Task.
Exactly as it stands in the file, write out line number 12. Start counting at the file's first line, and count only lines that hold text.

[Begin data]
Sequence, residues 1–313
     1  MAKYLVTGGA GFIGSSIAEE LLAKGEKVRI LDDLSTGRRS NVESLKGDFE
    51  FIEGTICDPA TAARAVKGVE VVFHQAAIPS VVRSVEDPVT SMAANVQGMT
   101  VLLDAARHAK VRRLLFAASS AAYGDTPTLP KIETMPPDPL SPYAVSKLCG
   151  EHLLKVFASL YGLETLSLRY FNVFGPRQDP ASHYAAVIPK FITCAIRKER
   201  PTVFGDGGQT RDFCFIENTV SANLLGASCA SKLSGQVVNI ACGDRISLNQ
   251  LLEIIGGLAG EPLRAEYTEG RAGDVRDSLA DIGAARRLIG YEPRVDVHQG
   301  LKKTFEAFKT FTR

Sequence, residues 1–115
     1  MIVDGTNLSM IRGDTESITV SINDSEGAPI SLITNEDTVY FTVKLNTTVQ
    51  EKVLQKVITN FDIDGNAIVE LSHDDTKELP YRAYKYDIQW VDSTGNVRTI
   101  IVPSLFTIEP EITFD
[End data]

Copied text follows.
   101  IVPSLFTIEP EITFD